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Refugee Chief Faces Toughest Test

Veteran seen as biased must deal with Palestinians transition to sovereignty.

by Michael J. Jordan

March 16, 2006 | 7:00 pm

UNRWA head Karen Koning AbuZayd.

UNRWA head Karen Koning AbuZayd.

The honeymoon was sure to end sooner or later. Since Karen Koning AbuZayd took the reins nearly a year ago of the U.N. relief agency for Palestinian refugees, Israeli officials had praised her for steering clear of the politics of the Israeli-Palestinian conflict.

However, the smoother sailing was always a bit misleading. AbuZayd's controversial predecessor, Peter Hansen, had served during the intifada, when Israel cracked down on terrorists in the Gaza Strip and West Bank, often via incursions into U.N. Relief and Works Agency (UNRWA) refugee camps that were incubators of militancy.

During the relative calm since AbuZayd took over UNRWA, Israel had conducted no large-scale operations -- and so had not come in for UNRWA criticism. That has changed in recent weeks, with an Israel Defense Forces offensive into the Balata refugee camp in Nablus and elsewhere to hunt down wanted men.

With that, AbuZayd has made herself heard -- in UNRWA's familiar, imbalanced fashion.

"Israeli military operations have continued in the OPT [Occupied Palestinian Territories], including daily shelling [in response to Kassam rocket attacks], targeted assassinations in Gaza and new incursions in the West Bank," AbuZayd told diplomats of the 21-nation UNRWA Advisory Commission on Feb. 27 in Amman, Jordan. "In the latest IDF operation in Balata camp, some of our installations were commandeered by the IDF, despite all efforts made by my West Bank colleagues and myself at preventing these unacceptable and illegal intrusions."

Not only did AbuZayd adopt the language of the Palestinian narrative, but her passive wording skipped over the fact that the Kassams were launched by Palestinians. That was the lone reference to Palestinian violence; in contrast, several paragraphs focus on Israeli actions, with no mention of their motives. That sort of one-sidedness was familiar from the days of the intifada. While supplying vital relief and shelter for the neediest of its 1.6 million clients in Gaza and the West Bank -- plus its traditional educational, health, social services and microfinance programs -- UNRWA made repeated statements that skimmed over, if not outright ignored, Palestinian contributions to the cycle of violence.

That lack of context and short shrift to Israeli security concerns -- by a U.N. agency that presents itself as neutral to the international media, human rights groups and foreign diplomats -- helped create a popular impression of disproportionate, gratuitous Israeli violence. If the situation grows more violent, AbuZayd's words will surely be watched closely by supporters of Israel.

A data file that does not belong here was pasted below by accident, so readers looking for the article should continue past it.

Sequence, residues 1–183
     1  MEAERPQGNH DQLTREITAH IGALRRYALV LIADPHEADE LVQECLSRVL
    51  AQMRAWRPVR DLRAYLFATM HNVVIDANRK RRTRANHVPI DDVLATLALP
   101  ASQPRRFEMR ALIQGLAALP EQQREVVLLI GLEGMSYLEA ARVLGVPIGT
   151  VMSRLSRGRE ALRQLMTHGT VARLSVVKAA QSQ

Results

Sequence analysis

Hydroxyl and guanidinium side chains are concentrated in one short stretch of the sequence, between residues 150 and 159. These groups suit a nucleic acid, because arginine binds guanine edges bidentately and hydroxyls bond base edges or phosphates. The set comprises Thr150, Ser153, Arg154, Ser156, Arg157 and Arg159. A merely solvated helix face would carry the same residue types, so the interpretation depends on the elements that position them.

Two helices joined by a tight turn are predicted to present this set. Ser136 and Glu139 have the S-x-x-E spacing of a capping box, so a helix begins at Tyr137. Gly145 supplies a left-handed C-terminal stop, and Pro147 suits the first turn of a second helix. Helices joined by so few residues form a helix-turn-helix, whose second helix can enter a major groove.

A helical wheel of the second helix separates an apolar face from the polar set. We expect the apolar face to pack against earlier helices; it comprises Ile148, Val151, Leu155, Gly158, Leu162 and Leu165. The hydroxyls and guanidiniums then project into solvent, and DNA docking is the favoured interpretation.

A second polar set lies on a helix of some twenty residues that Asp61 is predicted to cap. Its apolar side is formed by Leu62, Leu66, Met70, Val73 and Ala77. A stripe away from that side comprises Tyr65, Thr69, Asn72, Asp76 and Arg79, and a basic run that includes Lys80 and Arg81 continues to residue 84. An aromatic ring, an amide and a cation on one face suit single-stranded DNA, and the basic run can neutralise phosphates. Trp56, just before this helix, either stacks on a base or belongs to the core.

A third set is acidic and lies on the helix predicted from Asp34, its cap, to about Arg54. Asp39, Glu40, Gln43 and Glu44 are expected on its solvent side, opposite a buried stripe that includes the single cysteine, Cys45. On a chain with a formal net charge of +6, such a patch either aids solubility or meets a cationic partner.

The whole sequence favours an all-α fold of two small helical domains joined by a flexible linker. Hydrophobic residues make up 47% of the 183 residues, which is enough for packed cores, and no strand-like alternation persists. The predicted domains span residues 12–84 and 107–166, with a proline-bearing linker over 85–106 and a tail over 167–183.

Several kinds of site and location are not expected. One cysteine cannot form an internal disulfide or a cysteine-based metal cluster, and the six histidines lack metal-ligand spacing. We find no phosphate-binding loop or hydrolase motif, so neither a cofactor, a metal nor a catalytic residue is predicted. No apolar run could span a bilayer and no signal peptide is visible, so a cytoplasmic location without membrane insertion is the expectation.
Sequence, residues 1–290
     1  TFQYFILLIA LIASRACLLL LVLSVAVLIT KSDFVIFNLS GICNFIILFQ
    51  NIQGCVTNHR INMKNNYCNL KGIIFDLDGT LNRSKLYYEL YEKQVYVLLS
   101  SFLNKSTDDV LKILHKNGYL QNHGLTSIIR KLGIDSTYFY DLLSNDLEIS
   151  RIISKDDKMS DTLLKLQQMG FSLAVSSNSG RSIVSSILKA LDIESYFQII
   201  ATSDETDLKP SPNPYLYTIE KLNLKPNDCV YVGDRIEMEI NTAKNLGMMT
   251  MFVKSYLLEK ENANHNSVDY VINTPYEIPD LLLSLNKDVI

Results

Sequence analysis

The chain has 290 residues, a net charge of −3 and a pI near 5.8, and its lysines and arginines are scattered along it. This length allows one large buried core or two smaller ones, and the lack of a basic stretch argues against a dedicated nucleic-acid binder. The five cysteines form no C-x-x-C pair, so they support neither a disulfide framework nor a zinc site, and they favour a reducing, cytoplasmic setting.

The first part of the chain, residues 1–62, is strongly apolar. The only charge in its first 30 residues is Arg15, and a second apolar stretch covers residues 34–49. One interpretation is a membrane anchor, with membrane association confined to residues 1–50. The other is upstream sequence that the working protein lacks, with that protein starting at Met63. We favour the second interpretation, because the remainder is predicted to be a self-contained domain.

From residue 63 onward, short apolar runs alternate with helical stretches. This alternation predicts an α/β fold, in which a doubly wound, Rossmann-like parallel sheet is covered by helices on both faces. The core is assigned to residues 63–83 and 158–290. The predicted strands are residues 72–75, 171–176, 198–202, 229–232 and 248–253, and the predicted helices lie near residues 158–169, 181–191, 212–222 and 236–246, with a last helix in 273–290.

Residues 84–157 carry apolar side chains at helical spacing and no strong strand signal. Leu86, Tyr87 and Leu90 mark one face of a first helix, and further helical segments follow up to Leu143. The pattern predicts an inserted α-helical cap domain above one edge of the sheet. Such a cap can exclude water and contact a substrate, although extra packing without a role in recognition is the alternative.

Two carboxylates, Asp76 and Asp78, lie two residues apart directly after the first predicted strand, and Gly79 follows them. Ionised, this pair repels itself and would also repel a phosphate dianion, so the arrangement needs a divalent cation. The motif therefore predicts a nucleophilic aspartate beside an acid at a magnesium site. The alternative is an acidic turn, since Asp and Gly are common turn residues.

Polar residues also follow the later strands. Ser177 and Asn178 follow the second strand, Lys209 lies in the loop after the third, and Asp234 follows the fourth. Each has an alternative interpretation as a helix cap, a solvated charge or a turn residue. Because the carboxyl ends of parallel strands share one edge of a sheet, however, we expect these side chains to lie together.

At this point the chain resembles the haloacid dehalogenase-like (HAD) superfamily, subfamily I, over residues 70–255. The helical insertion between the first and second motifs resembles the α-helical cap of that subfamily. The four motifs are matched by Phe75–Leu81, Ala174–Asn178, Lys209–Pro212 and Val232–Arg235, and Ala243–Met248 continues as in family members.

In a quarter-century of refugee work, AbuZayd, 64, has helped the displaced and dispossessed of Uganda, Chad, Ethiopia, Namibia and Liberia. After the fall of apartheid, she directed U.N. efforts to repatriate South Africans. During the Bosnian war, she headed the refugee agency in Sarajevo.

With Israel's withdrawal from the Gaza Strip last summer, the Ohio native now faces her toughest challenge -- overseeing the historic transition from "occupation" to sovereignty and, potentially, an end to the Palestinians' perpetual refugee status.

UNRWA has unveiled a vast reconstruction and recovery plan that AbuZayd says will cost "several hundred million dollars over several years" to rejuvenate the Palestinian camps, rebuild damaged homes, renovate infrastructure and create thousands of new jobs. It would be the largest economic revival project in Gaza in a decade, since the early, hopeful years of the Oslo peace process. Such investment is key to reviving hope for a people who feel abandoned by the world, she said by phone from UNRWA headquarters in Gaza.

"What we're trying to do is to make sure that there are some signs of new life and assistance, that the international community is supporting them and the disengagement," said the former professor of political science and Islamic studies.

If Palestinians see tangible benefits of steps toward peace with Israel -- freedom of movement, a decent-paying job, food on the table -- they'll be less likely to take up arms, she said, or support those who do.

Of course, that also was the theory behind the Oslo peace process, and it failed to temper militancy. Moreover, critics may dispute the premise that Palestinian terrorism is driven by despair, which ignores the influence of incitement in mosques, schools and official Palestinian Authority media.

Nevertheless, that is AbuZayd's philosophy -- and, as the top administrator and fundraiser for an organization responsible for nearly 4.3 million registered Palestinian refugees across the Middle East, she commands a unique pulpit.

With the Israeli-Palestinian conflict as much a battle for public opinion as a struggle on the ground, the debate often becomes a contest of conflicting narratives. In this debate, supporters of Israel say, an agency that is bound by the U.N. Charter to be "neutral" and "impartial" has been anything but.